SALEM — Even as he was under federal indictment in a phony prescription scheme in New Hampshire, police say a Haverhill man continued to recruit others to fill forged scripts for drugs such as Adderall and Xanax at pharmacies throughout the North Shore, Merrimack Valley and Greater Boston, court documents revealed.
Theodoros Bahtsevanos, 32, is set to be sentenced in the federal case on Jan. 31, but he’s also now facing state charges after being linked to fraudulent prescriptions being filled in Massachusetts by several people.
One of those people, Randy White, 39, pleaded not guilty to charges of passing forged prescriptions, obtaining drugs by fraud and conspiracy to violate the controlled substance laws during his arraignment Tuesday in Salem District Court.
White, who has spent most of the past year living in Florida with a girlfriend, returned to the area and was promptly arrested on a warrant obtained by state police earlier this year following an investigation that also led to charges against Bahtsevanos, 32, and three others.
Prosecutor Matt Schreiber said White allegedly filled prescriptions for 900 pills, including 540 Adderall pills, a stimulant and 360 Xanax, an anti-anxiety drug, over a 12-day period in January 2019.
And after he left, according to a police report, Bahtsevanos found no shortage of others willing to fill the phony prescriptions he allegedly created by using the names of real doctors but fake patients.
White allegedly filled prescriptions at two Walgreens locations in Beverly, including one where a pharmacy technician described him as looking “sketchy,” and at a CVS in Beverly, other CVS stores in Lynn and Malden, and Walgreens stores in Everett, Roxbury, Medford, Melrose and Holbrook.
He was using a Florida driver’s license issued under the name “Randie White,” Schreiber told Judge Carol-Ann Fraser. He would tell the pharmacist he was picking up the medication for a family member or friend.
State police investigators eventually tracked down White’s girlfriend from the registration on her sport utility vehicle, seen in store surveillance videos, and went to the Gloucester address where it was registered. There, her father told investigators that she had been living in Florida with White.
When police spoke to the woman, she said she didn’t realize what White was doing at all of the pharmacies, thinking he was just running errands, according to a police report. She declined to put White on the phone or provide his contact information.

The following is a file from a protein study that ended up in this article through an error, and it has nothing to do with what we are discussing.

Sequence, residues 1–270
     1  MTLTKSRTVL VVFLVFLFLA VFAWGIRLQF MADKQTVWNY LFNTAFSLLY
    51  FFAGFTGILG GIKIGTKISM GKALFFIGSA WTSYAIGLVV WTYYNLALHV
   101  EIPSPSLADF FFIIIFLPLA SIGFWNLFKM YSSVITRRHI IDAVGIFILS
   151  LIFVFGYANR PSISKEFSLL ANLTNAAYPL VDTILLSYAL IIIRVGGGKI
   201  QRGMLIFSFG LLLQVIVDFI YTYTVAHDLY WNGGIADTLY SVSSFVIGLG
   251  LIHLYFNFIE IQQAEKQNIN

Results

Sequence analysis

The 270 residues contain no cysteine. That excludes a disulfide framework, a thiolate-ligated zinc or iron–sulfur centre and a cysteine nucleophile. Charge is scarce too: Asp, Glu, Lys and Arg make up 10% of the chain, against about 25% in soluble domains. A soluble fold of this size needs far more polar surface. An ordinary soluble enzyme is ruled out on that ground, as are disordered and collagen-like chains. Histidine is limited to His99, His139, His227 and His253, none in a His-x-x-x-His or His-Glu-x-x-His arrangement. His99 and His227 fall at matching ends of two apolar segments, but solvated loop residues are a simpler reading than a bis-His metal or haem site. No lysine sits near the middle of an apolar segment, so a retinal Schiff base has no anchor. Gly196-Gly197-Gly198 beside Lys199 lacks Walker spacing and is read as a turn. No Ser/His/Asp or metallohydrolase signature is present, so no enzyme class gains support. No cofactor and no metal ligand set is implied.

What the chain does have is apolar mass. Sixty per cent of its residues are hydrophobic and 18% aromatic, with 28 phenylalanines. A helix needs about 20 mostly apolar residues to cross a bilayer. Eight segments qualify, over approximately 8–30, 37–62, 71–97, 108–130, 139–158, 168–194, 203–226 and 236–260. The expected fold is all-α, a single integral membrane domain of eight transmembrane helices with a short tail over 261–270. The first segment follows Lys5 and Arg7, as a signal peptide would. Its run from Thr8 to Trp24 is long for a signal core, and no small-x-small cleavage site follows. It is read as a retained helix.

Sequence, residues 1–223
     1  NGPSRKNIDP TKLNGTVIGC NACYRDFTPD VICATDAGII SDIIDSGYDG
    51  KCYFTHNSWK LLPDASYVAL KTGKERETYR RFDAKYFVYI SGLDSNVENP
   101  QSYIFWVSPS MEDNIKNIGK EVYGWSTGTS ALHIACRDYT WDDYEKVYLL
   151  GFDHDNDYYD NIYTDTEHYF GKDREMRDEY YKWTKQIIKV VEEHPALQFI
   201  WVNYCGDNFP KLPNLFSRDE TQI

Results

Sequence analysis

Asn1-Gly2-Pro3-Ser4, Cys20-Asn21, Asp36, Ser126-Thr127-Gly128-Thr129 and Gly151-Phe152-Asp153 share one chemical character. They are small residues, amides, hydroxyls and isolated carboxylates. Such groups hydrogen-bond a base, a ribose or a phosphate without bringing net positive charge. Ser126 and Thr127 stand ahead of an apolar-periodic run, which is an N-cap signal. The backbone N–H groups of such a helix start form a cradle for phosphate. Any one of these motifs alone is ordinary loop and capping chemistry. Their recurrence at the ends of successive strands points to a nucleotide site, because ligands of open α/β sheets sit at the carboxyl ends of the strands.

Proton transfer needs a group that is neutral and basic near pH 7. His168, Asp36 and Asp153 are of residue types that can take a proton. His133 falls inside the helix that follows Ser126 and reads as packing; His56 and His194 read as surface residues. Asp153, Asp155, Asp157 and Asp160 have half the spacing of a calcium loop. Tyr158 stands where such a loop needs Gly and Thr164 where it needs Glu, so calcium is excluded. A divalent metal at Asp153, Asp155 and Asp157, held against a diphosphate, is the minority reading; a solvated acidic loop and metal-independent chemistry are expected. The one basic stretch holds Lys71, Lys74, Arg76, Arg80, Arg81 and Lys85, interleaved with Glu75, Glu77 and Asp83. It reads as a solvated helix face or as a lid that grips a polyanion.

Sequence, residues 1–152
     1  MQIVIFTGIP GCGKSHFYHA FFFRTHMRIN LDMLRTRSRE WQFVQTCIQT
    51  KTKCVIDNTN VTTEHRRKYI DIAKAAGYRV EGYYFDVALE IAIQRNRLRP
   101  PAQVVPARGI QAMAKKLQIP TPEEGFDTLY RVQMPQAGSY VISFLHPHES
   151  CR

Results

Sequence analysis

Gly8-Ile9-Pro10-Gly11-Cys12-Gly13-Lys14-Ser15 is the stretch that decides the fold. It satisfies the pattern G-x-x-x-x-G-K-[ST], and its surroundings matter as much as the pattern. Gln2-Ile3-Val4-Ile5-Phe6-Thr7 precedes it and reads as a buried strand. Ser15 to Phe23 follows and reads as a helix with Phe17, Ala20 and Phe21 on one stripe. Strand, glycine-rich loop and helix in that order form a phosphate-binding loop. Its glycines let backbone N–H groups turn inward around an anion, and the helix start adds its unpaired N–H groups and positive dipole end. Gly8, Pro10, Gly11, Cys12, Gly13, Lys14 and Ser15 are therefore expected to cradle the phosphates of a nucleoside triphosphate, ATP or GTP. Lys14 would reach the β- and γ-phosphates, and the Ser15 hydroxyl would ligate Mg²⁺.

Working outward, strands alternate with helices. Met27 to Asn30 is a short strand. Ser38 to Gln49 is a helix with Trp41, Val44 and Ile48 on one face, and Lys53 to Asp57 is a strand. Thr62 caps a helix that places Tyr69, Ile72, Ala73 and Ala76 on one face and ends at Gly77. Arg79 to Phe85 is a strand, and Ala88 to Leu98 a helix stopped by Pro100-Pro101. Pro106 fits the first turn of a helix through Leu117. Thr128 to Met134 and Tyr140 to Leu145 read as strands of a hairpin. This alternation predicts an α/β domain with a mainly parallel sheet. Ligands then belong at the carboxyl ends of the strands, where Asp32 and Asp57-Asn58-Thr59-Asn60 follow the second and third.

But she did mention meeting with a man named “Teddy” at a motel on Route 1 in Saugus in January 2019, shortly before White began filling all of the prescriptions, according to a police report.
Investigators learned that Bahtsevanos’ girlfriend had rented a room at the Red Roof Inn at that time.
Police began learning of new batches of fake prescriptions being filled at local pharmacies in March. That eventually led them to a Haverhill landscaper, Orlando Morales, 39, who had recently moved to Massachusetts and was short on cash when he agreed to fill prescriptions for a man named “Teddy” for $40 each.
Morales, who is facing charges in Peabody District Court, allegedly filled prescriptions at Walgreens stores in Salem, Peabody, Tewksbury and Lowell on March 16.
In April, police say, a woman with ties to Lynn and Lowell, Alicia Keefe, 28, allegedly filled or attempted to fill prescriptions for the same two drugs at Walgreens stores in Beverly, Gloucester, Lawrence, Malden and Lowell and at a CVS in Lowell. She’s facing charges in Lowell District Court.
White, who is also being held without bail for violating the terms of his release for a fourth charge of driving under the influence of alcohol or drugs, was ordered held on $7,500 in the prescription drug fraud case.
If released, he will be required to wear a GPS bracelet and undergo a substance abuse evaluation and treatment. He’s due back in Salem District Court on Jan. 30.
After learning of the charges involving Bahtsevanos in Massachusetts, federal prosecutors moved to revoke his release in the New Hampshire case.
Courts reporter Julie Manganis can be reached at 978-338-2521, by email at email@example.com or on Twitter at @SNJulieManganis.